experts please advise if this is correct or not.  smile.gif

 

Spaceman

Yep, you need sufficiently dithered data for it to work. 

 

Earlier this spring I did some testing on some old data. I drizzle integrated a bunch of lum data that I had both with 1x and 2x. The 2x data was subsequently downsampled by a factor of 2 to return to the native image scale. This gave me superior detail to the non drizzled data and the 1x. It also had the same noise.


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#13 danny1976

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Posted 31 May 2024 - 06:23 PM

Correct me if I’m wrong, but dithering+drizzling reminds me of pixel shift on some mirrorless cameras like the Sony A7RV. Here the camera sensor is shifted a few pixels by the stabilization instead. 



#14 Gschnettler

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Posted 01 June 2024 - 06:20 AM

This is all good information.

How much dithering do you have to do in order for it to be sufficiently dithered?

#15 Spaceman 56

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Posted 02 June 2024 - 04:06 AM

This is all good information.

How much dithering do you have to do in order for it to be sufficiently dithered?

the idea is to move the pixel position between sub exposures.

 

some people dither every frame, but many will shoot 5 or 6 frames before dithering. 

 

sometimes I dither every 10 frames, as settling time can eat into imaging times, but I think every 5 or 6 frames is better.

 

Spaceman



#16 GiffS

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Posted 02 June 2024 - 09:24 AM

This is all good information.

How much dithering do you have to do in order for it to be sufficiently dithered?

I have been using a frequency of every 2 frames and a 2 pixel move recently. Like Spaceman I used to use every 5 or 6 subs with the AVX mount due to settling times but with the AM5 it is no longer an issue. I am just experimenting with drizzling in PI and I have much to learn.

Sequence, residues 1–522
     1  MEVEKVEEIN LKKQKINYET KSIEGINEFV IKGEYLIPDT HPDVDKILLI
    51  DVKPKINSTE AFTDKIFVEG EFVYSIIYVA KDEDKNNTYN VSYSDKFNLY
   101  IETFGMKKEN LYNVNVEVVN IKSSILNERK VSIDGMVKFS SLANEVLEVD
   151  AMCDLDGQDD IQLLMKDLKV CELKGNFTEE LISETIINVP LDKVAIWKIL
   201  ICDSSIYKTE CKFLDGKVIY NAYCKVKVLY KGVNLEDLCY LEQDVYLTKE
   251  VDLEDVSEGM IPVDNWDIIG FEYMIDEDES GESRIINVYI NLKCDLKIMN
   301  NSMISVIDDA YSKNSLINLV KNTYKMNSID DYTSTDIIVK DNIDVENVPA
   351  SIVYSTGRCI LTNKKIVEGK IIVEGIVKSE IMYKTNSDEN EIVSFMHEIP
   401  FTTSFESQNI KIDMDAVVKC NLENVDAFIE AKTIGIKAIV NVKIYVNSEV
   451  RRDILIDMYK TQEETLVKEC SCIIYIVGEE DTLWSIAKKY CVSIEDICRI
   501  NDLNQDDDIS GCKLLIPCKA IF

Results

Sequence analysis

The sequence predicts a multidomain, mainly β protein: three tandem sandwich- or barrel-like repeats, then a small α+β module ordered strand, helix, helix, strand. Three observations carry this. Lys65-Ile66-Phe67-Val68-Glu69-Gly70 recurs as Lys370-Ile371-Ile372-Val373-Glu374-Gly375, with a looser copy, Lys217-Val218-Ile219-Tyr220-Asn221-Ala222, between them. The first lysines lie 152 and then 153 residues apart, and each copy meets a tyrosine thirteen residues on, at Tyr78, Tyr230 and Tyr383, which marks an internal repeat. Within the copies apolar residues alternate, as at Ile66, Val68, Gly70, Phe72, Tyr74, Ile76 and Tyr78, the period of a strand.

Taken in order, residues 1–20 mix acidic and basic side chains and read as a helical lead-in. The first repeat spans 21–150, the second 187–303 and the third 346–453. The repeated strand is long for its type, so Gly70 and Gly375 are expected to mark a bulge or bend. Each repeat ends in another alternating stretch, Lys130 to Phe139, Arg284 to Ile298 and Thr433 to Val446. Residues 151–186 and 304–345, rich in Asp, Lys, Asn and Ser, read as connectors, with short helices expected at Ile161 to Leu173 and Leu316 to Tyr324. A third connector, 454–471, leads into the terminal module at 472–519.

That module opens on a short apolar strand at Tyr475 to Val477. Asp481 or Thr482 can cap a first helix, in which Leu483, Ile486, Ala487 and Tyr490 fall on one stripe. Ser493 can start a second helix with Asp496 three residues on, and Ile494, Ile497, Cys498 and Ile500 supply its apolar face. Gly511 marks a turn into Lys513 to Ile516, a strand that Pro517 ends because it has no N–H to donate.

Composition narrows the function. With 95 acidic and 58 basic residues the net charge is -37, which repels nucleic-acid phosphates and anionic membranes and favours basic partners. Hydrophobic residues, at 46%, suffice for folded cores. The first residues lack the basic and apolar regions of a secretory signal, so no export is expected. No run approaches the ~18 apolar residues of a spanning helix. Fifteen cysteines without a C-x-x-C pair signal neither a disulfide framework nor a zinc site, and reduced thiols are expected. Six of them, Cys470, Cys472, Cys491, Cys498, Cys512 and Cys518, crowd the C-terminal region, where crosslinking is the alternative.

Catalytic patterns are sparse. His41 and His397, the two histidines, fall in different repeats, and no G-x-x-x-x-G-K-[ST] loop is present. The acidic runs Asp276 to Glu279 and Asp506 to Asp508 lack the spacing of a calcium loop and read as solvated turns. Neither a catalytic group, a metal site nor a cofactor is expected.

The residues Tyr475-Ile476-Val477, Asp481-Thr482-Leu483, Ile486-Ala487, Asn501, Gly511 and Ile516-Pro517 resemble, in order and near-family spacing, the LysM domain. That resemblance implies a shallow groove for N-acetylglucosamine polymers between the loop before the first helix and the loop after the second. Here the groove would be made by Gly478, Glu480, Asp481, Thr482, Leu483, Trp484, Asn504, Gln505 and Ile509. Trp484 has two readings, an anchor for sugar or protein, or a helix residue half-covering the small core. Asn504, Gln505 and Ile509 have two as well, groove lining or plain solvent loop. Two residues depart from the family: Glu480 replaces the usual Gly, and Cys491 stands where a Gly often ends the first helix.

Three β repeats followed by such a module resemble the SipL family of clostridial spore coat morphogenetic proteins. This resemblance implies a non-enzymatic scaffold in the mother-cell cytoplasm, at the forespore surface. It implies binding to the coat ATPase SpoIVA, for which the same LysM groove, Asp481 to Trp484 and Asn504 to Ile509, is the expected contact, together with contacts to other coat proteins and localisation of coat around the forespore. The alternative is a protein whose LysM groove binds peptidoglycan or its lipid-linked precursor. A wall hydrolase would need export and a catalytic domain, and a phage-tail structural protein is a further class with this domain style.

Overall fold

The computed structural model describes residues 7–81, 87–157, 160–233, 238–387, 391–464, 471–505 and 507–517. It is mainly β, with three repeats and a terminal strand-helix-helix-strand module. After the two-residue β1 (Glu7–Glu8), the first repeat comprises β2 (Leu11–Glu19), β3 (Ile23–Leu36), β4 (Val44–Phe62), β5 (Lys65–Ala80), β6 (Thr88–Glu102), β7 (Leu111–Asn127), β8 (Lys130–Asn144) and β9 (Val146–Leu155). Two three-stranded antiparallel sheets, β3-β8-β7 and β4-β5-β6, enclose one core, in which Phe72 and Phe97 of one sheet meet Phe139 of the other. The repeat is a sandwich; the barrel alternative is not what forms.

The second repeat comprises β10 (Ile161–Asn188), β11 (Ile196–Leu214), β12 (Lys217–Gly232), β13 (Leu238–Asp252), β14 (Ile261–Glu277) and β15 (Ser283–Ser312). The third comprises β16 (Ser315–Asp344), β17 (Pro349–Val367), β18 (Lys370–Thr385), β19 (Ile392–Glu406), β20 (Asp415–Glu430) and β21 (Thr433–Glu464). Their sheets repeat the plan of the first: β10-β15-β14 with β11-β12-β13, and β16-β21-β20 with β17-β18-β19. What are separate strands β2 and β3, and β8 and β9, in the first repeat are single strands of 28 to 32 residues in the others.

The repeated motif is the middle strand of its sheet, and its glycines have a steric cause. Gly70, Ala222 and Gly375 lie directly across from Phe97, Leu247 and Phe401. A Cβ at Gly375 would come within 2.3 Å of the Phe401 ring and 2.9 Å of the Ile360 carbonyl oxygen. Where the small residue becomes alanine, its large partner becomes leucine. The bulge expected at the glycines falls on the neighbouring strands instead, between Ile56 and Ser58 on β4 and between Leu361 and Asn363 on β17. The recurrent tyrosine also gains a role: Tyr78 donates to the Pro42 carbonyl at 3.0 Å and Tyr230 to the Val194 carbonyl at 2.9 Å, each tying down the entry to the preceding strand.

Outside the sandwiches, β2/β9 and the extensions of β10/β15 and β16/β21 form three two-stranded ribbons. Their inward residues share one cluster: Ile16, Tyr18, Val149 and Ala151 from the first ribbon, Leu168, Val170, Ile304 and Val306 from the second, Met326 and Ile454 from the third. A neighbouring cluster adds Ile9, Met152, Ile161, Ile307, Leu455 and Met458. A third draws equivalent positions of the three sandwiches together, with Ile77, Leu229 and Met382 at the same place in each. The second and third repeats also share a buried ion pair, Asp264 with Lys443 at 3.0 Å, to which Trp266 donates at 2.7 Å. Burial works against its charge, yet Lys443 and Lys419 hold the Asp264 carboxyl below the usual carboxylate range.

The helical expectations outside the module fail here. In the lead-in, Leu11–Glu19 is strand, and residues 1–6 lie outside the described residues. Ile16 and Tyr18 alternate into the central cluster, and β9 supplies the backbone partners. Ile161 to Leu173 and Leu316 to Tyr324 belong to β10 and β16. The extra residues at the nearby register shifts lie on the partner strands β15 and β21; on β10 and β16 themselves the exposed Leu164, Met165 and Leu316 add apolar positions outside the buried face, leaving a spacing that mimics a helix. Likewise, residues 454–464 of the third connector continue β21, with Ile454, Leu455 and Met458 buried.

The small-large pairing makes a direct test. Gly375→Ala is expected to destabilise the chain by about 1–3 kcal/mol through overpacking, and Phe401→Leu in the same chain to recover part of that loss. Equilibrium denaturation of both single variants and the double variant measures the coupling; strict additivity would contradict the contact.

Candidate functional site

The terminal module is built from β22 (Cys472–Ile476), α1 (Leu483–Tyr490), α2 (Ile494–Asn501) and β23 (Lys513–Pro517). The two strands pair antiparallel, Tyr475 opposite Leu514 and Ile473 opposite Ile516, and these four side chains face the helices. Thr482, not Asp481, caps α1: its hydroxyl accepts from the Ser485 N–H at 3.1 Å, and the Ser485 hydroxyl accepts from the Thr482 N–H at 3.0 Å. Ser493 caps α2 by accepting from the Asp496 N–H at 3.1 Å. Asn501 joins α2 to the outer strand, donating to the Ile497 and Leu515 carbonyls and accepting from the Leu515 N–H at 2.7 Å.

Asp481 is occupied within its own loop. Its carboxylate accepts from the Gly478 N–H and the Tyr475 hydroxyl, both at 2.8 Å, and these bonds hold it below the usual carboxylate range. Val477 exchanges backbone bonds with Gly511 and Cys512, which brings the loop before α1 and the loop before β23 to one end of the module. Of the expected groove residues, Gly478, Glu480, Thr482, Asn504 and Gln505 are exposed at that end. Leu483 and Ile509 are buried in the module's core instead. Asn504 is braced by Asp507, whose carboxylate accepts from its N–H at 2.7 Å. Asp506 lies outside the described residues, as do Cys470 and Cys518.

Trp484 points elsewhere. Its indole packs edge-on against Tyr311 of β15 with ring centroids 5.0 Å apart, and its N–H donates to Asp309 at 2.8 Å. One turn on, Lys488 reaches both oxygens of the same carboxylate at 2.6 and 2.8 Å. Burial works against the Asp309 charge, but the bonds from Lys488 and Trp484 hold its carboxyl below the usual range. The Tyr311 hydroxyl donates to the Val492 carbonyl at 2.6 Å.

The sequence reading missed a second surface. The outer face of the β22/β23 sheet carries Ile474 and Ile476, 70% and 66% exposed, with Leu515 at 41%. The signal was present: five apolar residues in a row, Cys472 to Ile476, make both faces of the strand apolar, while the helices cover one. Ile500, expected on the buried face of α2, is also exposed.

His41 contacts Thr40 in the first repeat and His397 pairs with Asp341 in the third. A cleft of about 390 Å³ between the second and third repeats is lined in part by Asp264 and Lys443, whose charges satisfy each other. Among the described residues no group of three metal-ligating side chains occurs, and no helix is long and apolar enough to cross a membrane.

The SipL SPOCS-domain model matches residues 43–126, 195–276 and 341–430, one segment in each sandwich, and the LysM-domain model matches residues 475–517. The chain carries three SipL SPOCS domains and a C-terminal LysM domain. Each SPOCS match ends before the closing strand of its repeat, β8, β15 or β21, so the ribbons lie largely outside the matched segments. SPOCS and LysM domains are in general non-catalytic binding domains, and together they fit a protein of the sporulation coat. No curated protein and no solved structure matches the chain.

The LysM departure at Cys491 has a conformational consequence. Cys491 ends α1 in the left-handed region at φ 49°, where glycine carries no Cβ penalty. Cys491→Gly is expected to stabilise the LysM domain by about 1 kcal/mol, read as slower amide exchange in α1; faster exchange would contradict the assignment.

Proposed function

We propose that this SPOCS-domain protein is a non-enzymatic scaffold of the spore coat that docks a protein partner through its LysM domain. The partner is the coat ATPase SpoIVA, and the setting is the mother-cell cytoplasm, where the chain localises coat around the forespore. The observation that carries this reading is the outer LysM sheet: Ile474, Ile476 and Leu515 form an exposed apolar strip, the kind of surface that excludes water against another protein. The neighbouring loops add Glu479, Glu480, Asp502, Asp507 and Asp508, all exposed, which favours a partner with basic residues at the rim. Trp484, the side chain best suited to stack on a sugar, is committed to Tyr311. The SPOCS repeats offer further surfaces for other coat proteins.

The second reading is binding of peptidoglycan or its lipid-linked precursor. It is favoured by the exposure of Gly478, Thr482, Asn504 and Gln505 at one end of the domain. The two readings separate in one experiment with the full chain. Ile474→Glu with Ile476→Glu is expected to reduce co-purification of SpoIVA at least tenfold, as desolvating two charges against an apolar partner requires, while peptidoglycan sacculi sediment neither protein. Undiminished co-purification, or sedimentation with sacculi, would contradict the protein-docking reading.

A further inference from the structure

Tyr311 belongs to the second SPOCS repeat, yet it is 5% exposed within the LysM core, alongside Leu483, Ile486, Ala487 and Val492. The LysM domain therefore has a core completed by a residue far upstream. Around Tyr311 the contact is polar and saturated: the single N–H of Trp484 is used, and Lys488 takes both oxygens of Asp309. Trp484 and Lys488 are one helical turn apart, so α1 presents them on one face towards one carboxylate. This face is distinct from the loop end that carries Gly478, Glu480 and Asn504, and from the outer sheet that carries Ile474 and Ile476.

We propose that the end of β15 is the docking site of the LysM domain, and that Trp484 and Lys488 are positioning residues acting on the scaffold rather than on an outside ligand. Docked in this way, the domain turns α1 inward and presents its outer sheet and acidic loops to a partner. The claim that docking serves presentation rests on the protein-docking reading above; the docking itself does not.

For example it seems to me that the drizzled output at 2X drizzle requires extreme care in post processing with respect to noise. It seems to be very easy to create a very harsh noise in the background. View Into Space did a bit on one of his YT videos where he created a Range Mask that protects the background while you stretch the stars and galaxy elements and that has helped. I have also dropped to 1X unless I expect to crop aggressively on a small portion of the image and on the same data that seems to reduce the noise. Does that make sense?

 

One thing that is probably dead simple, but I am over thinking it, has to do with down sampling a drizzled image. I've seen it mentioned that the real magic happens when you downsize or down sample the drizzled image. Is that just a matter of resizing the image in a normal graphics application or is there some other process in use? Sorry if that's a stupid question.



#17 imtl

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Posted 02 June 2024 - 09:50 AM

That's complete true. The issue I have, again with my personal workflows, is if I'm well to oversampled (most of the time this is the case) and I'm taking long exposures for faint aspects but have dense and/or other bright areas life becomes VERY hard time trying to get a good nonlinear stretch which is made worse(OK harder not worse) with 2x drizzling. But I'm spending more time playing with HDRMT, thanks to Adams videos and this really helps in these cases. Granted there should be no difference whether I drizzle or not when at that stage, yet I, again personally. always seem too.


You should not drizzle when you are oversampled. You're just reducing your SNR even more and gaining absolutely no new information.
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#18 imtl

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Posted 02 June 2024 - 09:56 AM

the idea is to move the pixel position between sub exposures.

some people dither every frame, but many will shoot 5 or 6 frames before dithering.

sometimes I dither every 10 frames, as settling time can eat into imaging times, but I think every 5 or 6 frames is better.

Spaceman

The idea is to RANDOMLY shift the frames around.

Dithering every 10 frames is quite useless. Especially with your OSC since you probably bayer-drizzle your lights. You should drizzle a lot more often.

People tend to focus only on ''getting most frames'' in a given time. The goal in acqusition is to get to gain the most useful frames to eventually get the best master light to process. That includes dithering, well matched calibration and near perfect focusing.